Finland’s prime minister Sanna Marin responded to a video showing her dancing at a party and added she ‘hadn’t missed a day of work’. Around the world, women showed support as #DanceLikeSanna trended.
REST IN POWER
Credit : Indian Express
Adored by million from both sides of the border, Pakistani singer Nayyara Noor died after a brief illness. She was 71. The Guwahati-born singer whose family migrated to Lahore in 1958 had no formal training in music but learned by listening to Begum Akhtar’s ghazals and Kanan Bala’s bhajans in her childhood.
Listen to Pakistan’s nightingale sing Faiz Ahmed Faiz’s Tum Mere Paas Raho here.
FIELD NOTES: Women leaders do better than men in times of crisis (but first you have to give them a chance)
Even though women leaders remain under-represented on Covid 19 taskforces across the world, they outperformed their male counterparts in their response to the Coronavirus pandemic, finds a new paper.
Published in the Journal of European Public Policy, the paper examines task forces and gender-sensitive policy responses in 62 countries using data compiled by the UN Development Programme and UN Women. It found, on average only 25% of task force members are women. Women are also slotted into advisory rather than decision-making roles. But in countries led by women there is notably higher representation of women on task forces.
Including women in executive office impacts gender-sensitive policy outcomes. In terms of crisis response, women leaders top men for their apparent compassionate approach. When women are present in decision-making, there are better outcomes for women, finds the paper.
Moreover, crises can be moments of opportunity where women can gain executive office, in what is known as the ‘glass cliff’ phenomenon. But male leadership will be preferred when in high threat conditions when, typically, voters prefer ‘strong’ leadership that is associated with masculinity.
Read the paper here.
STORIES YOU MAY HAVE MISSED
Bilkis Bano update: Supreme Court wants Gujarat to explain
The Supreme Court has asked the Gujarat government to explain the grounds on which it freed the 11 men convicted of gang-raping Bilkis Bano and murdering people in the 2002 Gujarat riots. The men had been sentenced to life imprisonment but walked out of jail on Independence Day after serving 15 years.
“We are only concerned if there was an application of mind in granting the remission and if it was within the parameters of law,” a three-judge bench of chief justice NV Ramanna and judges Ajay Rastogi and Vikram Nath told senior advocate Kapil Sibal who had filed a public interest litigation on behalf of three petitioners. Sibal told the court that the crime was horrific and the convicts were not entitled to premature release in the public interest.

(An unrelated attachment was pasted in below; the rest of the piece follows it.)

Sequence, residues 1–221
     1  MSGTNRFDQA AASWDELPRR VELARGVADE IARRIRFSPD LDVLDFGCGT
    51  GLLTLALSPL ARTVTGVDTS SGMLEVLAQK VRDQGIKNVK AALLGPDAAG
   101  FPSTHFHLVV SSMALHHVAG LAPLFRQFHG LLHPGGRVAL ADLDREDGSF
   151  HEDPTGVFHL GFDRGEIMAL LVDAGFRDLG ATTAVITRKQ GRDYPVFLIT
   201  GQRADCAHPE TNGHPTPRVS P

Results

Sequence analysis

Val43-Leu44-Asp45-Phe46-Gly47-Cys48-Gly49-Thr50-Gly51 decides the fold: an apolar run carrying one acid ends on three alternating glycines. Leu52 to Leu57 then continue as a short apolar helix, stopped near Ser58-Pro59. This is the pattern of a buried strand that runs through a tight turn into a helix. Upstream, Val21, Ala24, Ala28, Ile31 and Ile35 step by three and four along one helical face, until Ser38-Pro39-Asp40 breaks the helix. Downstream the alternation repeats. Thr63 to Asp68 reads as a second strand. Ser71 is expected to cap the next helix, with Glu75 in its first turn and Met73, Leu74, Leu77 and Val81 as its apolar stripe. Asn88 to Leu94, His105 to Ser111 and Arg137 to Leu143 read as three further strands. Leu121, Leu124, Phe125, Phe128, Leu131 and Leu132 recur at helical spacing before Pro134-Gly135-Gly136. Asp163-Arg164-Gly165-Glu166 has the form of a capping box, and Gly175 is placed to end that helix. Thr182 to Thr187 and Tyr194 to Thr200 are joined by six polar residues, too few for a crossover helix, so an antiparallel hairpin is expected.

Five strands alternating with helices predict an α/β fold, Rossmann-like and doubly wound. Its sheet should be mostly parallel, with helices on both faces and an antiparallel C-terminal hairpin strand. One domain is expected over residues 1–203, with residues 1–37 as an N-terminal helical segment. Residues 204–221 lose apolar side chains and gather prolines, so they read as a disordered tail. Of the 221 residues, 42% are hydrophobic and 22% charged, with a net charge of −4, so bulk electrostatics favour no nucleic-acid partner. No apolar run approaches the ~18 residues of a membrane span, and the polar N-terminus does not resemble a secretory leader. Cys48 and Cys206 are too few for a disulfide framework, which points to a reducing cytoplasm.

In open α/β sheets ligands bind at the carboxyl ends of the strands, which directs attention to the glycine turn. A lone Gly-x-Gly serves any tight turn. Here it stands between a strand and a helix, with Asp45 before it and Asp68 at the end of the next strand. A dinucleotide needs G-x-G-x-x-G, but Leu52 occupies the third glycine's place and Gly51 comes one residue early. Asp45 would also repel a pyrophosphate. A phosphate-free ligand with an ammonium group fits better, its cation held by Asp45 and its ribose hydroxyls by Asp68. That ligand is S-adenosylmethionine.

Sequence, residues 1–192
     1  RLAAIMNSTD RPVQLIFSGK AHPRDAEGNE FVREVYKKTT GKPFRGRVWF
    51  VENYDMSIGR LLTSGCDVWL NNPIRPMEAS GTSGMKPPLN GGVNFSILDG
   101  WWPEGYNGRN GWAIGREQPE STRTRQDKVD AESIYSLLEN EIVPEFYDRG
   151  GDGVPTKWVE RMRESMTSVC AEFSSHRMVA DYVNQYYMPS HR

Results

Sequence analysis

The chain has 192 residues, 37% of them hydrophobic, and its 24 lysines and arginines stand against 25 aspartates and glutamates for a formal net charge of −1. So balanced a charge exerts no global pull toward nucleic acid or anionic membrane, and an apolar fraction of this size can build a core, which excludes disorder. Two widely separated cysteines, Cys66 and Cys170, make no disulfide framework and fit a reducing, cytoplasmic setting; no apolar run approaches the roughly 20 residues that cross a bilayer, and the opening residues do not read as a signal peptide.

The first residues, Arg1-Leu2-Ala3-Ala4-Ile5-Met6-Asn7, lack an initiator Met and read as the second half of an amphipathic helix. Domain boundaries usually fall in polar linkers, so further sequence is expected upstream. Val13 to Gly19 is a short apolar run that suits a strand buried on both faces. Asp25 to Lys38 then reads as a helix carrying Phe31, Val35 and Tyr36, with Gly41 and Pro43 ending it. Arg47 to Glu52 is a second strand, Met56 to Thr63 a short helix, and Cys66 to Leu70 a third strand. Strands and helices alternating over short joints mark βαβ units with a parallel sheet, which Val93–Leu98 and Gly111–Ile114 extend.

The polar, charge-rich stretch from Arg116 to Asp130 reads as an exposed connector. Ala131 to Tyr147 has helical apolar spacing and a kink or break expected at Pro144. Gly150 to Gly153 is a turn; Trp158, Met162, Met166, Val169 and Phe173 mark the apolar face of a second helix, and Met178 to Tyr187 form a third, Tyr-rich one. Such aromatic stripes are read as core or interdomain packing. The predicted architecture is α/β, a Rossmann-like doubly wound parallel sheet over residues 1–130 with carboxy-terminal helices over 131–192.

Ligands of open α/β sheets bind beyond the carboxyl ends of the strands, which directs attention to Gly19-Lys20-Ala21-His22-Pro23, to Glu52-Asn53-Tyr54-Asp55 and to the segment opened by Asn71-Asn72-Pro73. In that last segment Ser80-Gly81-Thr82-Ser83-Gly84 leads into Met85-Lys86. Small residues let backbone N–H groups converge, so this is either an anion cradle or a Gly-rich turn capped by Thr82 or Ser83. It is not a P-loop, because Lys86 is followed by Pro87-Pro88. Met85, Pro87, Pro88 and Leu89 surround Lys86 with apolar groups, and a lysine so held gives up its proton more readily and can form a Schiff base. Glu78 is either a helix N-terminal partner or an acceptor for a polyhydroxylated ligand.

Khusbhu Sundar speaks up
BJP politician Khusbu Sundar became the lone female voice from her party to speak up and condemn the release of the 11 men. “A woman who is raped, assaulted, brutalised and her soul scarred for life must get justice. No man who has been involved in it should go free,” she tweeted.
T for thirunangai*
Acting on instructions from the Madras high court, the Tamil Nadu government has issued a glossary of terms in Tamil to be used to address and describe the LGBTQI community with dignity and respect. The glossary has largely been adapted from one that was created by The News Minute, Queer Chennai Chronicles, Orinam and several individuals.*(transgender woman)
Kerala high court fixes mess by judge who ruled on ‘sexually provocative clothes’
The judge who passed two controversial orders in separate cases concerning sexual harassment charges brought against writer Civic Chandran has been transferred. In the first case, judge S Krishnakumar granted anticipatory bail to Chandran since the woman who had filed the complaint wore ‘sexually provocative clothes’. In the second, the judge declared that Chandran could not have touched a Dalit woman since he was a reformist.
The orders created outrage on social media. The Kerala high court has set aside both orders and transferred the judge to a labour court in south Kerala’s Kollam district.
AROUND THE WORLD
In Singapore, Prime Minister Lee Hsien Loong announced the repeal of Section 377A that criminalises sex between men. But, there’s a caveat: the right to amend the Constitution to recognise same-sex marriage, vests with Parliament, reports The Straits Times. That’s not likely to change any time soon.
In Wyoming, Republican Liz Cheney has paid the price for defying Donald Trump by being crushed in a primary election. But it might not be lights out yet as Cheney hints at a 2024 White House bid.
That’s it for this week. Do you have a tip or information on gender-related developments that you’d like to share? Write to me at: firstname.lastname@example.org.